Centre rejects demand for President's Rule in WB

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New Delhi, Nov 23 (UNI) Home Minister Shivraj Patil today rejected the opposition's demand for imposition of President's Rule in West Bengal on Nandigram issue and said that 'miscreants' were present in the area who wanted to foment violence and assured that the people evicted from the area would be brought back, paid compensation and guilty punished.

Giving a virtual clean chit to the government of West Bengal, Mr Patil admitted the CPI(M)'s claim about the presence of Maoists in Nandigram and said that there were miscreants active in Nandigram who could be termed as 'naxalites or terrorists'.

While replying to a short duration discussion on Nandigram issue in the Rajya Sabha, the Home Minister asserted that the article 356 had to be used very carefully and responsibly and when it was absolutely necessary. He wondered ''If a few villages are affected, will it allow us to impose President's Rule in the entire state? We will not use it lightly.'' Without naming Gujarat, he said that those demanding it for West Bengal must understand that if it was imposed in one state then they could not say it was not be imposed in another state. However, his comments evoked widespread protest from opposition BJP and Trinamool Congress members who reminded him of Bihar and Jharkhand episode.

Mr Dinesh Trivedi of TMC said the Centre was duty bound to impose President's Rule in West Bengal while BJP leader Sushma Swaraj also reiterated her demand for it. However, Mr Farooq Abdullah of the National Conference said the article should never be used against any state.

The Home Minister said the Centre had earlier issued oral directions to the West Bengal government to take all necessary measures to avoid precipitating the situation in Nandigram and Chief Minister Buddhadeb Bhattacharjee had assured him that they would be implemented.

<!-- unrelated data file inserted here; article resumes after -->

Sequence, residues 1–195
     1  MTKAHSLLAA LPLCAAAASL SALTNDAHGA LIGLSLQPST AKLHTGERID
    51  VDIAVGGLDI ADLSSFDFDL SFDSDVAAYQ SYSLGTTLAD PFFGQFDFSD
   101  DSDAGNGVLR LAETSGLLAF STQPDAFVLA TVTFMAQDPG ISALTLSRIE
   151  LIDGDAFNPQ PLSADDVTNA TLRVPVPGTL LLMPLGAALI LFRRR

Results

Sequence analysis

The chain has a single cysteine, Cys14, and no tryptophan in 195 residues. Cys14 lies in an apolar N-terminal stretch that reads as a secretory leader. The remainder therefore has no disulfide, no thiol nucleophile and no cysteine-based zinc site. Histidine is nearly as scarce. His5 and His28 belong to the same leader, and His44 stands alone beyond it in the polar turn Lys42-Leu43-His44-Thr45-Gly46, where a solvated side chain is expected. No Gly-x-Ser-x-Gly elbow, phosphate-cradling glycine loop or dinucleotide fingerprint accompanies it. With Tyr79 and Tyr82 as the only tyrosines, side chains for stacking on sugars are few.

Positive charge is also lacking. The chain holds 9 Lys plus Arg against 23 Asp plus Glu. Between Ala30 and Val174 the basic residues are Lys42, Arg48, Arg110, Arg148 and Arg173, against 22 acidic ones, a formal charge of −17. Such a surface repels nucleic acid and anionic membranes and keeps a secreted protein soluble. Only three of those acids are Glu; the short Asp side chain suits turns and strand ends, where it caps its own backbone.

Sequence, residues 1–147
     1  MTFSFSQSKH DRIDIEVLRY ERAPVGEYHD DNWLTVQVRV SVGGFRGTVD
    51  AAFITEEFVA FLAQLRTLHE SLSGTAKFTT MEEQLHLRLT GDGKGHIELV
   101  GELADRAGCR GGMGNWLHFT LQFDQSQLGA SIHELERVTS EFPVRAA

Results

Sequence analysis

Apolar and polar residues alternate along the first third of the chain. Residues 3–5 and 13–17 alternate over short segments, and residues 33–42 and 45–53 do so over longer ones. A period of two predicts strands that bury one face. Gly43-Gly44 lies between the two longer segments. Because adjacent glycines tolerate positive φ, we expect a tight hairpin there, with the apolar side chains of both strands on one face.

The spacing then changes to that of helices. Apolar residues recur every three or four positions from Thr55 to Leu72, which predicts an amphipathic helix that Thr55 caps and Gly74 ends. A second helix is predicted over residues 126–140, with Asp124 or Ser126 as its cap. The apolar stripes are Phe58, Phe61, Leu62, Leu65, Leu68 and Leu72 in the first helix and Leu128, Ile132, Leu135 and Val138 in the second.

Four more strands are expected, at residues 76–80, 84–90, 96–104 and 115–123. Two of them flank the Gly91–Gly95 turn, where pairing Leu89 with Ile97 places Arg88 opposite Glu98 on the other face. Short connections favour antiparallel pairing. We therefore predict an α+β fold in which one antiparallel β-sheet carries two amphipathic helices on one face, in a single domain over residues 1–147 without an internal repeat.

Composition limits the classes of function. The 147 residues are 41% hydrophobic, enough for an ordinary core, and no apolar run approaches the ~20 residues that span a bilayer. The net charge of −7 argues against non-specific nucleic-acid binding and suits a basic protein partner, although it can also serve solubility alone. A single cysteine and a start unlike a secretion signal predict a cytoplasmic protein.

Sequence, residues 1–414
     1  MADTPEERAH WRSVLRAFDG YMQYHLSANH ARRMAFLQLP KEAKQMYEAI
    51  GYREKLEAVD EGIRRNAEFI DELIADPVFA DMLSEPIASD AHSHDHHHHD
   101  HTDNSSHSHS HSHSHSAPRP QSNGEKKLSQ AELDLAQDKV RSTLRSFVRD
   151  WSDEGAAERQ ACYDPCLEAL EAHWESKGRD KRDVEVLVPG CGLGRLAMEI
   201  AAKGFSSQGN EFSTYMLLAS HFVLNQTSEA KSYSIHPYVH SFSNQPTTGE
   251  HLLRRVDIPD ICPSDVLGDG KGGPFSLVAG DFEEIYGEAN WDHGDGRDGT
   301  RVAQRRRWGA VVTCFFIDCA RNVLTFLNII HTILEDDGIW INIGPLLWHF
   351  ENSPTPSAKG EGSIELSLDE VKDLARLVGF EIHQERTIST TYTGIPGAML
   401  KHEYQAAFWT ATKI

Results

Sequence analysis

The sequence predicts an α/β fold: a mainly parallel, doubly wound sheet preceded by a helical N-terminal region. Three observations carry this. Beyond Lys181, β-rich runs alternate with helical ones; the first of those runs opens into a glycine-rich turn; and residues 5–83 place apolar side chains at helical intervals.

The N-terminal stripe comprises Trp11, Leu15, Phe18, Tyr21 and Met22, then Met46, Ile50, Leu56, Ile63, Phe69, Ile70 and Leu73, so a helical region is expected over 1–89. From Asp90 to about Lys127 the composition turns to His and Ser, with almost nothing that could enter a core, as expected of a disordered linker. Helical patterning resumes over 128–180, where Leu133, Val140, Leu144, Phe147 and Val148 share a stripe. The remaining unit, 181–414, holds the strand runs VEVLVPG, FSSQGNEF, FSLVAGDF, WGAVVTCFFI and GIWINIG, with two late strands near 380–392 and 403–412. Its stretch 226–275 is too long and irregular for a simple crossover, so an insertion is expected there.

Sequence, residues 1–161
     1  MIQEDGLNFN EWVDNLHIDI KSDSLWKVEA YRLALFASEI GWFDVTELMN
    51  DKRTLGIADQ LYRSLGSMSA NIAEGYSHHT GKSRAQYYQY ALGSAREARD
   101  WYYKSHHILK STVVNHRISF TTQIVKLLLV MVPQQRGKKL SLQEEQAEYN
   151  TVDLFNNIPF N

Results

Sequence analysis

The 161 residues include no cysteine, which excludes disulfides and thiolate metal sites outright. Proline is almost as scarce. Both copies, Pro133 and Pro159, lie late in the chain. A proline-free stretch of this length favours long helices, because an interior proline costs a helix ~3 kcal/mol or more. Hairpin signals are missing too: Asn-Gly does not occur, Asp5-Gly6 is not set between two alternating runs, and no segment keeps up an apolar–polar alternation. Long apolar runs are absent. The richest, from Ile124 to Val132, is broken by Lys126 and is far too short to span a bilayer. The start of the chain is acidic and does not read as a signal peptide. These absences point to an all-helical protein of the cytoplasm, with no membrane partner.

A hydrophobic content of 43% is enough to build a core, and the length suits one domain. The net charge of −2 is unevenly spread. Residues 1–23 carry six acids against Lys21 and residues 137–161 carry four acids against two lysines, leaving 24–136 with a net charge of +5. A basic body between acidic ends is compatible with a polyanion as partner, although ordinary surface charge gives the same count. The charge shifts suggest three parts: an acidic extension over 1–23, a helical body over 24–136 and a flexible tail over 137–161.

Regarding the CPI(M)'s claim that Maoists were responsible for Nandigram violence and the BJP's demand for Centre's clarification on this, Mr Patil said he had some information that certain people behind the scenes were trying to incite the people of Nandigram.

Arms found in the area also indicated that they could be used for terrorism and violence. The area being riverine it was easier to bring arms there, he pointed out.

Refusing to categorically say whether the method adopted by the West Bengal Government in Nandigram was correct or not, he said, ''You want me to sit judgement on it, it has to be decided by the court.'' When asked whether CPI(M)'s claim that Maoists were waging war against state in Nandigram was correct or not, he indirectly defended the West Bengal government by saying that if people were not allowed to return back to their houses and officials not allowed to go to any part of the country, then ''it cannot be tolerated by the government. We have to take action. Liberty of the people has to be protected''.

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